Teacher Kim Meaders has a singular focus when she steps into her Arkansas school just before 7 a.m.: keeping her school’s eighth and ninth graders from falling off track.
Meaders, a math teacher at Bryant Junior High in suburban Little Rock, is part of the Arkansas Tutoring Corps, which launched last year with federal COVID relief funding to help students plug pandemic learning gaps.
Since the fall, she’s been meeting with small groups of students at lunch or before school, helping them master two-step equations and memorize exponent rules.
“It’s definitely helping,” she said. Students who were afraid to ask questions in class are speaking up in tutoring. “That’s what was important to me, to make sure that the kids didn’t get farther behind,” Meaders said. When they do, she can prevent students from getting frustrated and giving up.
“Math is such a progression,” she said. “If we don’t address those issues quickly, it just compounds the problem.”
The Arkansas initiative is just one of at least a dozen new large-scale tutoring efforts started by state education departments and school districts across the country. They’re part of an unprecedented effort to help students recover academically after two years of disrupted schooling.
There are encouraging signs: Thousands of tutors like Meaders have gotten to work, and some say they’ve seen students make progress. But several initiatives are starting smaller or taking longer to reach students than officials originally hoped.
Chicago, for example, wanted 650 tutors in its corps this year, records show, but has 460. New Mexico hoped to place 250 “educator fellows” in schools this spring, but has 100 in schools so far. Arkansas wanted 250 tutors in place by winter, but has 219.
School officials are working hard to fill those slots. But the gaps are an indication of just how many students aren’t yet getting the help that officials think they need.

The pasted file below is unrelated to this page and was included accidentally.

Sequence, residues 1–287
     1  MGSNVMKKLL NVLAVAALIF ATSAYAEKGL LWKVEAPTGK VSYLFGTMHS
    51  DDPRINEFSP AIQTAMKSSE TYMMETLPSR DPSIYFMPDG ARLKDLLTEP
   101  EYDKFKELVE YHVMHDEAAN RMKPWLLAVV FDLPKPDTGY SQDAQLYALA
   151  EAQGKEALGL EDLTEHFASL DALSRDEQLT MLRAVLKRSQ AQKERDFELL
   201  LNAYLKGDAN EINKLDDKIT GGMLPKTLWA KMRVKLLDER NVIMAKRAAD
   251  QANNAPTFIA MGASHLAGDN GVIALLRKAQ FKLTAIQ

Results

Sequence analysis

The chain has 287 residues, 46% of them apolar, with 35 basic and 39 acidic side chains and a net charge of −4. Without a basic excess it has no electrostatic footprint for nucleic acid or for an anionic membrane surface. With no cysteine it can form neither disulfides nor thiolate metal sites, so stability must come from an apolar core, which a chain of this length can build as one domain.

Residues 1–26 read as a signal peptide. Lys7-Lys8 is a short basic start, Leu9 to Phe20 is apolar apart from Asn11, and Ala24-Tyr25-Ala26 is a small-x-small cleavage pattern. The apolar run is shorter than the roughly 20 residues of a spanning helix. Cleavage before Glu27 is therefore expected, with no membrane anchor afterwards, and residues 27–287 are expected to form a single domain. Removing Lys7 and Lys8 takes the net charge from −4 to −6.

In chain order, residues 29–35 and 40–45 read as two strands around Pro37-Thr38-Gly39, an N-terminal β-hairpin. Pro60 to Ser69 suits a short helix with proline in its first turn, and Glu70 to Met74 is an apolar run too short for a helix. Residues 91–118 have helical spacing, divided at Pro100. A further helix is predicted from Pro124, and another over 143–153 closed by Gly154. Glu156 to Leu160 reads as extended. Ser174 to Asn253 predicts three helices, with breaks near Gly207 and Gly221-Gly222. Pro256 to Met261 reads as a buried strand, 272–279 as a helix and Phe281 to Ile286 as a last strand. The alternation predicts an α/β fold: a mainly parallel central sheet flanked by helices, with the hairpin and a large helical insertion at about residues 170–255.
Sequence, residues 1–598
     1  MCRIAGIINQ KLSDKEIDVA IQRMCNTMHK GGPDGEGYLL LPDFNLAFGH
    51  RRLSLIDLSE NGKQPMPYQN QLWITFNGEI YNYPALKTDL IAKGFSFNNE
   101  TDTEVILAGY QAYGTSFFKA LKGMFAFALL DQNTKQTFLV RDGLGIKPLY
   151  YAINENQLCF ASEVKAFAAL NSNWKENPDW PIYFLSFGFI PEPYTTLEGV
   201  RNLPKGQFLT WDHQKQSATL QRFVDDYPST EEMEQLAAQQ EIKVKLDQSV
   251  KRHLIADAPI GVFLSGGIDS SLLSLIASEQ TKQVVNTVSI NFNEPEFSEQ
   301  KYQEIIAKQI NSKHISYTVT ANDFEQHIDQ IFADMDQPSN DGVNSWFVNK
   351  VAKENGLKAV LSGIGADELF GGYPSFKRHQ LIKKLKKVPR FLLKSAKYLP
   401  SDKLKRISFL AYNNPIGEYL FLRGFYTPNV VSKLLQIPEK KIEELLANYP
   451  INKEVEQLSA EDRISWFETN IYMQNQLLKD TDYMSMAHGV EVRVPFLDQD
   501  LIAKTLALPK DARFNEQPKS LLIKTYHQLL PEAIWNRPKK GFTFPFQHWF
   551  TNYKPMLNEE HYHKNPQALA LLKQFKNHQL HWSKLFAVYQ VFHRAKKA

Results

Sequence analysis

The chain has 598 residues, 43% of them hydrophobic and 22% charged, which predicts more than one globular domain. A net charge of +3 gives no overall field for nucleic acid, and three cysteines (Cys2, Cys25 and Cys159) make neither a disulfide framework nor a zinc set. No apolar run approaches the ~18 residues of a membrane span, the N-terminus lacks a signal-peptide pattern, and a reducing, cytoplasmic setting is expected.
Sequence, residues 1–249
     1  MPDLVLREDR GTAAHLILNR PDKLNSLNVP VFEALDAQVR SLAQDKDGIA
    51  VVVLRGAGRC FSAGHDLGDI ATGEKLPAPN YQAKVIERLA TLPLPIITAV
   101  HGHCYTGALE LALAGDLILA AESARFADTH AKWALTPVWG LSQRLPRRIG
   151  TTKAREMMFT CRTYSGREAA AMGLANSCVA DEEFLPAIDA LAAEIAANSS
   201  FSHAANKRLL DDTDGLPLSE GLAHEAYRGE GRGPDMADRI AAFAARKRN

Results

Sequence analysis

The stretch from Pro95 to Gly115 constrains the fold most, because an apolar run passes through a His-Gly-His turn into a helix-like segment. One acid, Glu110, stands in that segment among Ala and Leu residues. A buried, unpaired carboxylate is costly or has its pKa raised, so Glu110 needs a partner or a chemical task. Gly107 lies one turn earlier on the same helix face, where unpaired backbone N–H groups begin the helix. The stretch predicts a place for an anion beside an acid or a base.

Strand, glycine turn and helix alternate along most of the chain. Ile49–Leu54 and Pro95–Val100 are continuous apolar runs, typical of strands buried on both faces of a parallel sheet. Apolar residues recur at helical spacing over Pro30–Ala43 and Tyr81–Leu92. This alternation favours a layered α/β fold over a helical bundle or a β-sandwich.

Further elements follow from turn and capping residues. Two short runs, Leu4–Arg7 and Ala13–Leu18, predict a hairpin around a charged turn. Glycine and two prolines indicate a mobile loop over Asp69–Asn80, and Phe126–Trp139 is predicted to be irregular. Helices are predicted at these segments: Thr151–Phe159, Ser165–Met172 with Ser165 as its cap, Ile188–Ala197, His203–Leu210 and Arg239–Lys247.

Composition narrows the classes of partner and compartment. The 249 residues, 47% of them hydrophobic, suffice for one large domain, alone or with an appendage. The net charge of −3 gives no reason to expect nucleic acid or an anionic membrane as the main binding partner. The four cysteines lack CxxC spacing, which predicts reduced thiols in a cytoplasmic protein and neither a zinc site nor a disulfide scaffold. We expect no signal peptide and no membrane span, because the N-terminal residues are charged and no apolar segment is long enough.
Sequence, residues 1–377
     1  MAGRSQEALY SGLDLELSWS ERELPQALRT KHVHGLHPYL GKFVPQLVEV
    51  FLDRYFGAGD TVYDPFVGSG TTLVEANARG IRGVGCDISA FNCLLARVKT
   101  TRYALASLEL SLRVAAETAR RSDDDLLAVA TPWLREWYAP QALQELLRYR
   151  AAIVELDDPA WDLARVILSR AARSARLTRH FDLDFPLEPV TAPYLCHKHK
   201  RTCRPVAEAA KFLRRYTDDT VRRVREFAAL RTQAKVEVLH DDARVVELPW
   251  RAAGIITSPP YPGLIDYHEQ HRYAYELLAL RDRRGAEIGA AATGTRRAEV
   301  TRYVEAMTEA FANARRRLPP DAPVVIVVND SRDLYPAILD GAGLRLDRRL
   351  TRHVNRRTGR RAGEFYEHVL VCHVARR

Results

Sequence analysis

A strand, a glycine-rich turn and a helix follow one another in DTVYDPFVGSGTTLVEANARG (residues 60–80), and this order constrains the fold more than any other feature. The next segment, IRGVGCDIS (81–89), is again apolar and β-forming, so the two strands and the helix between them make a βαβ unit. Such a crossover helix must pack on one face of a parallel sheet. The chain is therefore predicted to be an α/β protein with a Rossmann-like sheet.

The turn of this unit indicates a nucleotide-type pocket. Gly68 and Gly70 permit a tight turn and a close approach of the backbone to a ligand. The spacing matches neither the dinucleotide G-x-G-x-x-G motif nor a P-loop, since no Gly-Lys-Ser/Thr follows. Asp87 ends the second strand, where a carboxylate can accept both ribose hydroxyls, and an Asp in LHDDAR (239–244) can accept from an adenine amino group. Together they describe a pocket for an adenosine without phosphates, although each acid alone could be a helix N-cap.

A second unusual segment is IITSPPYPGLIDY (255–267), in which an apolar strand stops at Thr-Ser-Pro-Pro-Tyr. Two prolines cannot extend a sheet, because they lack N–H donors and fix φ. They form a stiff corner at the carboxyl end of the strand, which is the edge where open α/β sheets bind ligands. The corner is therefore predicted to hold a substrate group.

“The need was huge,” said Missy Walley, who’s overseeing Arkansas’ tutoring effort. The state has some 570 tutors in the pipeline, more than its goal, though 350 are still completing training and background checks. “We’re going to meet that.”
Smaller programs that rely on virtual tutors have gotten closer to their targets. Oklahoma, for example, wanted to bring on 250 virtual math tutors this winter and hired 210. State schools chief Joy Hofmeister said families reported on surveys that the tutoring had helped their eighth graders bring up failing grades and boost their confidence in math.
Other efforts still have a ways to go. In Houston, officials wanted to have 500 high school and college students tutoring in schools by now. They have 228 so far. That means the elementary schools they targeted for extra help have around four tutors per building, instead of the planned-for 10. (The district also has a separate pool of teacher tutors.)
Illinois education officials won’t say how many tutors they’ve hired so far, but the state pushed back the full launch of its initiative from this spring to next fall. Officials are looking for some 8,700 in-person tutors statewide — a much more ambitious goal than others have set.
“We’re certainly, as would be true in other states, experiencing challenges with staffing,” said Stephanie Bernoteit, a state official working on the initiative. “This type of project is fairly easy to describe. It is incredibly complex to implement.”
Dallas has turned to outside organizations to hire the 665 tutors who are helping students or are about to be assigned a school. Many are local, but some work virtually, Zooming in from as far as Montana. The district also has more than 40 additional tutors of its own on staff, though it is trying to get to at least 70.
“People are excited to have tutoring up and running — they know that students need it,” said Derek Little, the district’s deputy chief of teaching and learning.
Getting there, though, has required competing for tutors in a tight labor market.
Chicago, for example, was trying to recruit tutors at the same time as the school district was looking for substitute teachers and bus aides, positions with similar requirements and pay. It got to 460 tutors this month, and is looking to reach 600 by the fall.